The last thing I wanted to do was disturb this guy making a bowl for lacquering

Besides which, a lot of these places were absolute heaving and the notion of, say, crouching down in the middle of a tiny market aisle with a dirty great backpack while you work just that shot, well it doesn’t bear thinking about. The Burmese are a universally wonderful, welcoming people but they’re not above the occasional knee in the kidney if some tubby western oaf gets between them and their dried shrimp.

So here’s how it works: I have one of those sling-style straps (I’d be happy to name the brand if the folks at Black Rapid felt like throwing some goodies my way) so the camera rides round about my right hip. I prowl around with thumb poised on focus and finger on shutter and when I’m alongside an Interesting Thing, away we go.

I doubt this lady would have posed with her cash, even if I could ask

I doubt this lady would have posed with her cash, even if I could ask

Obviously you don’t need to use back-button focussing for this – the regular shutter-button thing will do – but to me the key is being quick, and unnoticed. The back button technique helps if only in that the visible bit – the shutter finger – is so much faster and more subtle.

Clearly this approach means composition is pretty much a guess but you’d be surprised how quickly you get the hang of it. Using a reasonably wide lens gives more room for error, and I’m not above slapping the AF on centre point and cropping for composition later – this technique is all about the decisive moment.


That’s my excuse anyway.

Exposure too can be a challenge – the light was pretty ropey in most places, and while I’m a sucker for shooting wide-open it’s a risky gambit for this method.

So here’s what I did: I mainly stuck to prime lenses (twonking around with the zoom not generally being the height of discretion) and usually the 35mm, being moderately wide and quite forgiving.

The camera was in aperture priority at around f4 in the hopes of giving myself enough leeway on focus, some chance of nice bokeh, and an optimistic hope of keeping the shutter speed sensible (wideish lens helping with this too of course). Over time I ended up stopping down further – it was so chaotic I was just missing too many shots.

Veg? Oh, go on then

Veg? Oh, go on then

I chucked the ISO to about 1600 or 3200 and relied on (sneaky) chimping to tell me when to tweak it. Noise would have to be dealt with later. Or ignored, depending.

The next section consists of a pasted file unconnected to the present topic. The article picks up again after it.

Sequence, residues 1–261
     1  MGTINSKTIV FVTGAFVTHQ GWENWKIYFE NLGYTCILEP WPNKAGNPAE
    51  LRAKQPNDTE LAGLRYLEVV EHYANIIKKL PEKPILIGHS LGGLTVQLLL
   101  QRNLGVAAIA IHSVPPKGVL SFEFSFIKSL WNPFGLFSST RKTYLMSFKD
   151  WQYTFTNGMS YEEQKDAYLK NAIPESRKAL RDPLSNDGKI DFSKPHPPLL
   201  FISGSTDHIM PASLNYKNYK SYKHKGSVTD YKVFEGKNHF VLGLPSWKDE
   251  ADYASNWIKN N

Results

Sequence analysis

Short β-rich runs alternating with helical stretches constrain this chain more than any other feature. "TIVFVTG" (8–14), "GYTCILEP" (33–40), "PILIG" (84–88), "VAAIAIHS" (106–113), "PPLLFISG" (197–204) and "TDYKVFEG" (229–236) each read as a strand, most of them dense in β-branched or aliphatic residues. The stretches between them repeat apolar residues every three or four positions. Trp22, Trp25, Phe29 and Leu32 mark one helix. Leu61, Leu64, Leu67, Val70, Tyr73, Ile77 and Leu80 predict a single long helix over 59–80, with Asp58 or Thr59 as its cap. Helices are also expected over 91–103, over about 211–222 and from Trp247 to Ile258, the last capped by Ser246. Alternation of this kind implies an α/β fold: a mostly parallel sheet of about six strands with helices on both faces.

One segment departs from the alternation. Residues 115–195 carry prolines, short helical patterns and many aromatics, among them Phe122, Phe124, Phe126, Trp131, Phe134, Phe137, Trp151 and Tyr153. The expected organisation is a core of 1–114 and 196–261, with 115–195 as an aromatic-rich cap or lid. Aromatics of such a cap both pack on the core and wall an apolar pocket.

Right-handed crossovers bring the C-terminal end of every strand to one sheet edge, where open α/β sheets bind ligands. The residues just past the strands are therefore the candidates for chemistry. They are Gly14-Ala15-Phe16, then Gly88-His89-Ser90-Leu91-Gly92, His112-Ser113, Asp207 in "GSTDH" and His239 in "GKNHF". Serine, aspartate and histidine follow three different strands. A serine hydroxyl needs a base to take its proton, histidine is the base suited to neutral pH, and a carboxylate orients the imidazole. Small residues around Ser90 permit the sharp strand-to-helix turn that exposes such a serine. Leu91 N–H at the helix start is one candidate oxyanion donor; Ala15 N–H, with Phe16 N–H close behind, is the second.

Then it was a case of stalking around with eyes peeled and hand casually on the camera. Find an interesting spot and stop to have a look – of if you’re especially sneaky, look at something else – while subtly swinging the camera into the right sort of place. The thumb gently taps the focus button (no-one has any idea what you’re doing! Heheheeee!). NOW you pause for just a moment – don’t knacker that focus – and snap. Move on with extreme casualness and, whatever you do, don’t look back.

Ultimately this is not a hugely refined or considered process, and to me it’s very much about finding rather than creating an image. And you’ve got to accept that you’ll get a load of junk.

Just for honesty’s sake, this display of Nats (animist deities incorporated into the Buddhist tradition in Burma) is a case in point. It was a vast and vivid display about 4ft tall in the entranceway to a temple. Exposure issues aside (I haven’t bothered with editing for obvious reasons), I simply had the camera pointing too low so cut out at least half of it, and got a load of lovely floor instead.

I thought this arrangement of Nat figures would work. I was wrong

I thought this arrangement of Nat figures would work. I was wrong

 I still hate myself for it.

The guy at this fish stall was in no rush, but the few hundred people behind me certainly were. To have got down and framed it in the viewfinder would’ve been completely impractical, and there’s every chance he’d have seen me and reacted in some way. But with my thumb on the back button, I saw the shot and nabbed it – and I’m pretty pleased with the result.


So with a little practice you can, to coin a phrase, start to see from the groin (which frankly is pretty rewarding in itself) and when it works, you have something that would be practically impossible to get any other way.